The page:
Cool Pilot Jobs
Corporate flying has its ups and downs. It’s usually pretty good money, but it comes with a wacky schedule. You’re often on-call, at the whim of a client who needs to leave immediately, just when you’ve sat down for dinner with the family.
And while there’s a lot of sitting around at FBOs waiting, corporate flying often involves flying to exotic destinations and spending a lot of time on the ground while you’re there.
You might be in Maui one week and Dallas the next, and then off to London for a few days and back to spend a week at home with your family. The schedule is often unpredictable, but it comes with other benefits, and sometimes more time at home.
Some corporate flight departments are known to be great to work for, and others not so much. You’ll hear horror stories about businesses who demand that their pilots fly at all hours, in all kinds of weather and whether they’re tired or not. The schedule can be exhausting, or it could be pretty great. And if you live in a place like Los Angeles, you might even get to fly and meet some superstars. Corporate pilot jobs aren't usually listed on the job boards, so you might have to do some networking to find openings.
Flying for a Charitable Organization
Charity Organizations like Angel Flight or Corporate Angel Network fly people for charity. Many times, the flights are done in volunteer’s aircraft, and many times the pilots work on a volunteer basis, but it’s good experience for those who are looking to build time while doing some good in the world.
These organizations often fly medically ill patients to and from healthcare facilities that they otherwise would not be able to get to, either because they are not allowed to fly on a commercial airline (doctor’s orders) or because they can’t afford to fly commercially. This type of flying requires a kind heart, patience and skill, as you will be presented with a variety of challenges and will be required to fly in some tough IFR conditions.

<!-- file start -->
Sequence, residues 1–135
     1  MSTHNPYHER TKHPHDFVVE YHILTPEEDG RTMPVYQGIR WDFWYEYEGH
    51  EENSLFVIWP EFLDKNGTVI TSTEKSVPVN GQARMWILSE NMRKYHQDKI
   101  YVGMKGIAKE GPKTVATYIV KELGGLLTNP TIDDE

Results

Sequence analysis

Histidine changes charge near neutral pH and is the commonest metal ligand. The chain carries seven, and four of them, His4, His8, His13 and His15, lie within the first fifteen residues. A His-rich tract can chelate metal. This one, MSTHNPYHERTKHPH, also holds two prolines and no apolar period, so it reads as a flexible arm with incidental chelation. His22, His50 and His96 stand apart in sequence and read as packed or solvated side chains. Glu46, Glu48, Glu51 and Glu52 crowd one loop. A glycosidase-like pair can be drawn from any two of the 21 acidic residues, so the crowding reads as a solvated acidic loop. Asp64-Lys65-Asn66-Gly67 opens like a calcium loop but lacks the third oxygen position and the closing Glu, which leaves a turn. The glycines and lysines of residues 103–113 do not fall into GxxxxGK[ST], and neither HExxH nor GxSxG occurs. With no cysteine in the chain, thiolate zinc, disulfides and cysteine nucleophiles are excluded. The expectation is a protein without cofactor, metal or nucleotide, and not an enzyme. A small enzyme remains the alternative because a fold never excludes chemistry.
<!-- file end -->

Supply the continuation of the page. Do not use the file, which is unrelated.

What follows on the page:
Teaching our Next Generation of Pilots
Many people think flight instructors have the worst job out there, but if you have the heart of a teach and like small airplanes, then it’s a job you should consider. Flight instruction isn't easy - it's a lot of banging around in bumpy weather close to the ground and it comes with a lot of other challenges. And it’s easy to discount a flight instruction career due to the low pay and limited advancement opportunities, but if you can live modestly and enjoy teaching, flight instruction is a great career.
And many have made a decent living out of it. There are benefits to instructing, too, like having a flexible work flexible hours or sometimes, a schedule that's completely your own, making it an ideal job for someone who doesn’t want to be tied to an airline schedule, where you’re stuck working holidays, nights, and weekends, at least until you gain seniority.
Career flight instructors should enjoy general aviation, and should have a passion for sharing the love of flight to others. If so, it’s a great career to choose.
Flying for a government organization such as the Forest Service, the FAA, the military or the Department of Transportation will combine stability with the excitement of flying airplanes.
Government pilots are full-time government employees who perform services like fire location and suppression, surveillance, national defense missions, and airspace and equipment inspections.
Government jobs include flying a tanker or a lead plane for the forest service, flying in the military, or flying as a test pilot. These jobs come with good pay and steady benefits, but they also often come with a standard 40-hour workweek and the oversight and dysfunction found with most government programs.